Ashford v. Thos. Cook and Son (Bankers) Limited, 4874

CourtSupreme Court of Hawai'i
Writing for the CourtBefore RICHARDSON; ABE
Citation52 Haw. 113,471 P.2d 530
Decision Date12 June 1970
Docket NumberNo. 4874,4874
Parties, 42 A.L.R.3d 836, 7 UCC Rep.Serv. 1131 Curtis H. ASHFORD, Plaintiff-Appellee, v. THOS. COOK & SON (BANKERS) LTD. and Thos. Cook & son, Inc., Defendants-Appellants.

Page 530

471 P.2d 530
52 Haw. 113, 42 A.L.R.3d 836, 7 UCC
Rep.Serv. 1131
Curtis H. ASHFORD, Plaintiff-Appellee,
THOS. COOK & SON (BANKERS) LTD. and Thos. Cook & son, Inc.,
No. 4874.
Supreme Court of Hawai'i.
June 12, 1970.

Page 531

Syllabus by the Court

1. Travelers checks upon being printed become a medium of exchange or acquire negotiable characteristics and all the risk of theft is with the issuer. The issuer is thus liable to any bona fide purchaser for value of stolen travelers checks.

2. Where the instructions given by the trial judge correctly and fully covered the issue, his refusal to give other requested instruction on the same issue was not error.

3. The determination as to whether the plaintiff was a bona fide purchaser for value of the stolen travelers checks was a factual issue, and the trial judge correctly submitted this issue to the jury.

4. A jury finding on a factual issue supported by substantial evidence may not be set aside by this court.

[52 Haw. 123] W. Patrick O'Connor, Honolulu (A. William Barlow, Honolulu, with him on the briefs), for defendants-appellants.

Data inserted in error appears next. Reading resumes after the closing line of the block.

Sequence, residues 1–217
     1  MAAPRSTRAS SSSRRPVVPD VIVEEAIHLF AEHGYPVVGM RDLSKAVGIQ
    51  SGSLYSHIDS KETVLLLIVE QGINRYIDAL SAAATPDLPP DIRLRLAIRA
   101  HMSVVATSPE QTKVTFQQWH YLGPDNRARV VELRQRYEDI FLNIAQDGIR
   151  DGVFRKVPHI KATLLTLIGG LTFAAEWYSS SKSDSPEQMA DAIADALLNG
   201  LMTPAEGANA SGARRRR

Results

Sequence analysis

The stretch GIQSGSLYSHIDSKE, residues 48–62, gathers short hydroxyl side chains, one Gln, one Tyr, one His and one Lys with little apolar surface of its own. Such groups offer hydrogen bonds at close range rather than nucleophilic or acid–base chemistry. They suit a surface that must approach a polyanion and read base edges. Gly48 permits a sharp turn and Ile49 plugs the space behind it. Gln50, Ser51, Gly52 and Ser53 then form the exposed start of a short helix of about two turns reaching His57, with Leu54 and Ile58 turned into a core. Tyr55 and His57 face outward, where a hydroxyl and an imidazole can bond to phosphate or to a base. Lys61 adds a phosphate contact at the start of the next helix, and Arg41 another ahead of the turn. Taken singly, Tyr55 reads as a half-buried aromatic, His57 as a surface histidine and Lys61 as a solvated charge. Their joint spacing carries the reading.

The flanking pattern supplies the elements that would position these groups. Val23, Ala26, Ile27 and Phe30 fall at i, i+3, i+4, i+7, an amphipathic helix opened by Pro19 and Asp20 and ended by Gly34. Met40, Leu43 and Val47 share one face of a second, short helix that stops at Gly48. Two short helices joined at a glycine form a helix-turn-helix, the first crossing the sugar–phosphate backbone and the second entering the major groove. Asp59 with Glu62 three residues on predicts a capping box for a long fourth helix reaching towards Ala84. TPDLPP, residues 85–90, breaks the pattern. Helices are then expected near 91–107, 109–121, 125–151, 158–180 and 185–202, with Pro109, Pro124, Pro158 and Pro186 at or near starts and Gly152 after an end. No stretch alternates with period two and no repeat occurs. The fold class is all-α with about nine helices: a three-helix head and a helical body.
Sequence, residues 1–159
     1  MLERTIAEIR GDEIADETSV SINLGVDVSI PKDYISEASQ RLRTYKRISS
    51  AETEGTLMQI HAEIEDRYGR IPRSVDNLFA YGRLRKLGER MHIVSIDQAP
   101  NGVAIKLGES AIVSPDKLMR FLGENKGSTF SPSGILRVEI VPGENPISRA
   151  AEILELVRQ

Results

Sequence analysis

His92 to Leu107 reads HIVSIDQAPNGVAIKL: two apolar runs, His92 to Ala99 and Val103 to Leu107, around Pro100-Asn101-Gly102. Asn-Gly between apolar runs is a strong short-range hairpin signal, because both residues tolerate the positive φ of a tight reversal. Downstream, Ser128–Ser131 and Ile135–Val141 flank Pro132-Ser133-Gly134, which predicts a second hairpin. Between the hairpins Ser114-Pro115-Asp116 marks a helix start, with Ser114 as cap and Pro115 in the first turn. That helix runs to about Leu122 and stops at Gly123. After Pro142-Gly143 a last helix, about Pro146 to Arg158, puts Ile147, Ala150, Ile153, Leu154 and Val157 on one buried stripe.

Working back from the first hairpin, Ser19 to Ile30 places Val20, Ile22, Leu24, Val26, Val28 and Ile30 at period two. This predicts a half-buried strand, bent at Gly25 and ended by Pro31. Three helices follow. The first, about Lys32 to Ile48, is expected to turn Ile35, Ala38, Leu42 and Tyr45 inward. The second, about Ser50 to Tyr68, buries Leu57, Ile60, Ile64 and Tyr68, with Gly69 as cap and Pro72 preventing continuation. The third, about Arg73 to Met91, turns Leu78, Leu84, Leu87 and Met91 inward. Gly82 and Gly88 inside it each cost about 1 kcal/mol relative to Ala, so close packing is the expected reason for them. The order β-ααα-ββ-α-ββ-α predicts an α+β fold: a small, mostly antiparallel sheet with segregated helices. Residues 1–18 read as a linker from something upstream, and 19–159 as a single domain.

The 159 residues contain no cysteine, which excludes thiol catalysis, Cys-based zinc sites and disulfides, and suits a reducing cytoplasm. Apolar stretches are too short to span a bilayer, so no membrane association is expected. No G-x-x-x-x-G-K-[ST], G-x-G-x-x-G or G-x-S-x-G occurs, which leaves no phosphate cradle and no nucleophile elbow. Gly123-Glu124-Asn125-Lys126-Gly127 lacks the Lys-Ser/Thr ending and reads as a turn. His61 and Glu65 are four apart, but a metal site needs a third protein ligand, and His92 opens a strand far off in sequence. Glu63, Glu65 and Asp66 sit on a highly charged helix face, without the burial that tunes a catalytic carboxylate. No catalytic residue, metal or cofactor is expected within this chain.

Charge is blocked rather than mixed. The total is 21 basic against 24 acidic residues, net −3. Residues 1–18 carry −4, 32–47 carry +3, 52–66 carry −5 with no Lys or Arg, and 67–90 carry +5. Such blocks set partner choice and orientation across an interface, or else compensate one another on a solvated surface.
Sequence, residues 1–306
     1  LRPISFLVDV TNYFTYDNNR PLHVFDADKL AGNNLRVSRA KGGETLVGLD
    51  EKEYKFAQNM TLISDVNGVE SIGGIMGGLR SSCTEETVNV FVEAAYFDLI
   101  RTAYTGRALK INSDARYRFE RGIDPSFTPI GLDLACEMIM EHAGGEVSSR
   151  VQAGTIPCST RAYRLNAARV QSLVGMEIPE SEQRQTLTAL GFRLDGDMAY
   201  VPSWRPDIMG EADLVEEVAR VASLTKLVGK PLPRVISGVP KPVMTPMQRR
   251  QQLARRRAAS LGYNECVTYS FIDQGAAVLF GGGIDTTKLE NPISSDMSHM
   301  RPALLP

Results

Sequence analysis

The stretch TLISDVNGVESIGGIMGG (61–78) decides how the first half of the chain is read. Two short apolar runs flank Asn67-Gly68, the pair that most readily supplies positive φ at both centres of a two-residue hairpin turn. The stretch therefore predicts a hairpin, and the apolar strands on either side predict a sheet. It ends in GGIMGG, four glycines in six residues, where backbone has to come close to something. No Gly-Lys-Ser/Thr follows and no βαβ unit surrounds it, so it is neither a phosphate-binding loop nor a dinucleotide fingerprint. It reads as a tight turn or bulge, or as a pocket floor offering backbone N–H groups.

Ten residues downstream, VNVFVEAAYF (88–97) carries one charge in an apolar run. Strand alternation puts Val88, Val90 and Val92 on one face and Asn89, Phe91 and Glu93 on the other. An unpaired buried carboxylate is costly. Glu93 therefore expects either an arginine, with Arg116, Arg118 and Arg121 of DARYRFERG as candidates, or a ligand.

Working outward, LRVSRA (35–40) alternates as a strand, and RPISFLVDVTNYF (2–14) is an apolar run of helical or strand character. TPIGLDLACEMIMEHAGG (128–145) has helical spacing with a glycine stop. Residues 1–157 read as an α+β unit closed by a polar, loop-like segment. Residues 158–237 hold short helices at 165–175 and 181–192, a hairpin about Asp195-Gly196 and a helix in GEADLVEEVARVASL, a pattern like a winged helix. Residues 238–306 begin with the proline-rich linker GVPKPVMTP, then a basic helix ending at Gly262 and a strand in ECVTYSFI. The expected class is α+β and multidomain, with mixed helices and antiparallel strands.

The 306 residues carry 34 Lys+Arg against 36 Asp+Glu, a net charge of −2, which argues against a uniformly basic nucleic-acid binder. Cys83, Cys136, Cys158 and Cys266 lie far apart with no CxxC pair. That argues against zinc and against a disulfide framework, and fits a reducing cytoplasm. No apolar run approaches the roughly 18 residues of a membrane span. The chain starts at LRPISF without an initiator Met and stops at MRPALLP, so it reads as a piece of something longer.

Stuart M. Cowan, Honolulu (Greenstein & Cowan, Honolulu, of counsel), for plaintiff-appellee.


ABE, Justice.

On June 24, 1964, defendant, Thos. Cook & Son (Bankers) Ltd., sold and delivered travelers checks totaling $25,000 to Mr. and Mrs. Kochton at their home in the suburb of Chicago, Illinois. Mr. Kochton was at home at the time of delivery and he signed his name to one-half of the checks on the lower left hand corner in the presence of an agent for Thomas Cook & Son (Bankers) Ltd., as [52 Haw. 114] required by its regulation. However, Mrs. Kochton was not at home and her unsigned travelers checks for the amount of $12,500 were left with Mr. Kochton. In spite of an instruction to have the checks signed as provided before her departure, Mrs. Kochton failed to do so and unsigned travelers checks amounting to $11,900 were stolen from her in Tahiti in July, 1964.

On May 3, 1966, Curtis H. Ashford, plaintiff, who was then living in Tahiti, inquired of the Indo-China Bank, the only bank at Papeete, Tahiti, whether he could exchange New Zealand pounds and Polynesian francs for United States dollars and was informed that he could not. He returned to his boat to have lunch. Shortly thereafter a young Tahitian male came on board his boat and stated that he had been informed that plaintiff desired to exchange Polynesian francs for United States dollars and suggested that plaintiff purchase travelers checks. Plaintiff inquired whether that was possible becuase when he was informed at the bank that he couldn't make the exchange of Polynesian francs for United States dollars he had assumed he couldn't buy travelers checks

Page 532

with francs. When plaintiff was assured that he could purchase travelers checks, assuming that the Tahitian was connected with the bank, he asked if he should go to the bank during the noon hour. The Tahitian told plaintiff that was not necessary and that he and a director from the bank would come to the boat to consummate the transaction.

Subsequently the Tahitian returned to plaintiff's boat with a European male, who introduced himself as a Cook's agent and flashed an identification card. Thereafter the transaction was consummated 1 whereby plaintiff paid Polynesian francs and New Zealand pounds valued between $8,450 to $8,600 for United States travelers checks [52 Haw. 115] with face value of $8,300. The overcharge, according to the 'agent', was for fee, premium and difference in exchange rate.